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date: 23 February 2020

Abstract and Keywords

Few developments in human history match the demographic consequences of European arrival in the Americas. Between 1500 and 1800, European powers extended their influence throughout much of the globe, but while the indigenous populations of Asia and Africa largely remain, the population of the Americas was transformed. The most popular explanations for this transformation emphasize epidemics caused by Eurasian pathogens. These familiar narratives, however, oversimplify the history. Uncertainty persists about, for example, the size of precontact populations, the timing of the mortality, its causes, and its consequences. It is important to appreciate the demographic history of American Indians in its full complexity, but not just for the historical record. Native American populations continue to suffer dire health inequalities. The stories that historians tell about demographic history influence how we thing about inequalities today, and this can have profound consequences for population health and health policy.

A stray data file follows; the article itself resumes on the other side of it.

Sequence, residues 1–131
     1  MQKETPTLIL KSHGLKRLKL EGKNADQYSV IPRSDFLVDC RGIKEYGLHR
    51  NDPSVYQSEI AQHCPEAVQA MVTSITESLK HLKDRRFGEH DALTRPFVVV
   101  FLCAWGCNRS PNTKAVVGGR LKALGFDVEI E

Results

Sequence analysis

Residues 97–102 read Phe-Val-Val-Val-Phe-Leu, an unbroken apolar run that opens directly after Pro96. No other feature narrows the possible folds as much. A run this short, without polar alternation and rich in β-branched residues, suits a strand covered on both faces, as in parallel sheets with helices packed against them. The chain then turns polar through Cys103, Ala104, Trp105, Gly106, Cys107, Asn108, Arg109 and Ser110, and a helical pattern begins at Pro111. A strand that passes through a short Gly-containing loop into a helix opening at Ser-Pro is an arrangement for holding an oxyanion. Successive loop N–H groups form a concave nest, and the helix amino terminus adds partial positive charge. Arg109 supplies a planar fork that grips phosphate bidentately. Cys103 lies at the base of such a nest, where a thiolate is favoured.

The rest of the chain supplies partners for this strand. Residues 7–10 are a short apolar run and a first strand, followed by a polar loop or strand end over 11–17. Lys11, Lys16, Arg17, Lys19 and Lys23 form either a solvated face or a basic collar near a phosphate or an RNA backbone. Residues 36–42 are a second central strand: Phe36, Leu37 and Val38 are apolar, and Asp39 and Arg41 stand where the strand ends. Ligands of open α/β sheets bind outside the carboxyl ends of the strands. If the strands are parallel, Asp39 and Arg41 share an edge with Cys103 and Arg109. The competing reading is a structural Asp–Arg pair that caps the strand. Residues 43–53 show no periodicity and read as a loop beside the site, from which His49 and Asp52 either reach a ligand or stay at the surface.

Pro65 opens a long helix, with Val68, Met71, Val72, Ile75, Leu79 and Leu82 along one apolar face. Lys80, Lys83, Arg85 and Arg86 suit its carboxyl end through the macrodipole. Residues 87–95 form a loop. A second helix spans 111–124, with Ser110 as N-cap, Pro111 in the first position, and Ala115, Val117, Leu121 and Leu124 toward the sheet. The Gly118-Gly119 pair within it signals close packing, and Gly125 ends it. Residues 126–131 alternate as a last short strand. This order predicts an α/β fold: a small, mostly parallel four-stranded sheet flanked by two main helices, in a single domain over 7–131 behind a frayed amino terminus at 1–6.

Keywords: epidemics, disease, depopulation, virgin soil epidemics, demography, mortality, malnutrition, health policy, genetics

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